Greek debt crises: The European Stability Mechanism money started flowing – to creditors, not to Greece
8 September by Bodo Ellmers
The Greek bailout saga entered a new round as the first tranches of the new loan package were disbursed. The €86 billion programme will be funded by the European Stability Mechanism (ESM). The International Monetary Fund (IMF) refused to participate in the arrangements, due to doubts that the Eurogroup-negotiated programme is sustainable without a substantial reduction in the existing debt stock. For good reasons: the money will be used to refinance Greece’s unsustainable debt burden, and to recapitalise banks. While creditors can rest easy for a while, the Greek citizens and economy are once again sidelined.
Europe’s current finance ministers and heads of state should be relieved: The new ESM bailout package should delay Greece’s default and insolvency for a few years. Hopefully until their watch is over, and successors have to take the blame for writing off the many billions of taxpayer-guaranteed loans that will ultimately have to happen.
Where does all the money go?
On 20 August, the ESM money started to flow, after approval by several parliaments in the preceding days. However, the money did not go to Greece but to banks and creditors:
This is how the €86 billion from the third programme is expected to be used:
- €54 billion to refinance old debts
- €25 billion to recapitalise banks
- €15 billion to clear payment arrears and rebuild reserves
The €8 billion gap between this €94 billion bailout package for Greece’s creditors and banks, and the €86 billion that the ESM might provide, is supposed to be funded by the Greek state: €2 billion from the regular budget and €6 billion from privatisation proceeds. This means that the programme is not only failing to finance economic recovery in Greece, the Greek contribution implies that more money is drained from the economy and public budgets in order to be transferred to creditors.
Entering the age of circular multi-level bailouts
A first payment of €13 billion was made on 20 August. €3.4 billion of this was used to repay the European Central Bank (ECB) (€3.2 billion principal plus €200 million in interest). The fact that the ESM started bailing out the ECB is a new quality and a Kafkaesque example of how EU institutions are playing ping-pong with fictitious money. And it is good business for the ECB and the states that own it too: the Committee for the Abolition of Third World Debt (CADTM) has published an excellent analysis explaining how the ECB made vulture-like profits on their Greek engagement.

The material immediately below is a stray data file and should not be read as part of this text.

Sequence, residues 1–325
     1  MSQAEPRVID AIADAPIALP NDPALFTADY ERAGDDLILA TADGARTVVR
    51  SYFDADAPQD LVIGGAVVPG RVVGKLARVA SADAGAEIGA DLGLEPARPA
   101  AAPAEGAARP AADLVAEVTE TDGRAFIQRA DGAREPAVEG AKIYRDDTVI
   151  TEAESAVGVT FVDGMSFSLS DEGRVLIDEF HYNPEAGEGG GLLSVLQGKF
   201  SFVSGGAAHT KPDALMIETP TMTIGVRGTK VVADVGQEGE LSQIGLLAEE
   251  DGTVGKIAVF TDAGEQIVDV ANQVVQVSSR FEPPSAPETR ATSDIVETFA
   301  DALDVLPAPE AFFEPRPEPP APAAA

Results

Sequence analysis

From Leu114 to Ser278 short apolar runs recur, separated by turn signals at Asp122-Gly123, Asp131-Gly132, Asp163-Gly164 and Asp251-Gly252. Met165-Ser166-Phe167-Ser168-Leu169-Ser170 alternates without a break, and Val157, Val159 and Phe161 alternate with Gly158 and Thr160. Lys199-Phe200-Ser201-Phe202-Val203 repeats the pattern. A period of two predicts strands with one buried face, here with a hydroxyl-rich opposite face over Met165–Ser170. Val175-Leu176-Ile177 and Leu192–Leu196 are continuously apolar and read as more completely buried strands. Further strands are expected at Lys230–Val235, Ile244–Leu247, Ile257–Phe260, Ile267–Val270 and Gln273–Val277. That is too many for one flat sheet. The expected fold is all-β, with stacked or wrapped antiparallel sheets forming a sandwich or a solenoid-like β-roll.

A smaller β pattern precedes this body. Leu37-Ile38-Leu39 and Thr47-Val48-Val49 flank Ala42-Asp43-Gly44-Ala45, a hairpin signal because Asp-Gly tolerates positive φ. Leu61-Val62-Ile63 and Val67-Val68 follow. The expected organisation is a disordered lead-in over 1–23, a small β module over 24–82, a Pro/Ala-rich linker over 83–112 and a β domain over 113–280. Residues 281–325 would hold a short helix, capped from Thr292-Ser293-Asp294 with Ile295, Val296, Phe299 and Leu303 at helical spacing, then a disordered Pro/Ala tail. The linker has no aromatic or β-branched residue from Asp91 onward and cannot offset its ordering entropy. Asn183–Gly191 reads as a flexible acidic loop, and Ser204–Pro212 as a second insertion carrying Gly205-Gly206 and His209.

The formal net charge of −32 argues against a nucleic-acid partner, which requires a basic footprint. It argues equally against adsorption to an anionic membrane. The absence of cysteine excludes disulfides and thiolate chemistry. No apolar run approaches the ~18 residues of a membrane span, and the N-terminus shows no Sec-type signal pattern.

The rest of the money will mainly be used to repay the EU’s €7.4 billion bridging loan that Greece has used to pay installments due to the IMF. I have argued before thatit would have been useful for IMF reform if Greece had defaulted on the IMF loans. This ESM-funded IMF bailout is also a new feature: Usually it is the IMF’s job to provide bailout loans when one of its members is short of cash, which it did overly generously in the case of Greece in previous years. Money that Greek governments – pushed by the Troika – primarily used to bail out private creditors and failed banks.
We have obviously entered the age of circular multi-level bailouts. It would be interesting to know if the IMF and ECB boards already had discussions about which of them will step in once the ESM is in trouble, which will sooner or later happen if the ESM continues to (re-)finance insolvent states.
Of the next ESM payment of €13 billion that is to be disbursed soon, the lion’s share (€10 billion) will be transferred to a blocked account in Luxemburg that is managed by the ESM, outside the control of democratic authorities. The payment is earmarked for the bank recapitalisation, i.e. bailout. This lack of democratic control has been criticised by Eurodad’s recent comments on the new programme’s onerous set of conditions. Eurodad member Global Justice Now has also released a blog on the crazy privatisation programme, and has included a list of assets that are due to be privatised. It is highly unlikely, however, that a new round of firesale privatisations will generate enough resources to bring Greece anywhere near sustainable debt levels, this is what insolvency is about.
So it comes down once again to a mixture of bank bailout programme and delayed filing of insolvency, i.e. new lending to refinance unsustainable old debts, rather than writing debts off once and for all. If Greece was a private cooperation, such a conscious delay would be a punishable crime. It demonstrates the EU needs a fair and orderly insolvency framework to come to a sustainable solution to the crisis.
Source : Eurodad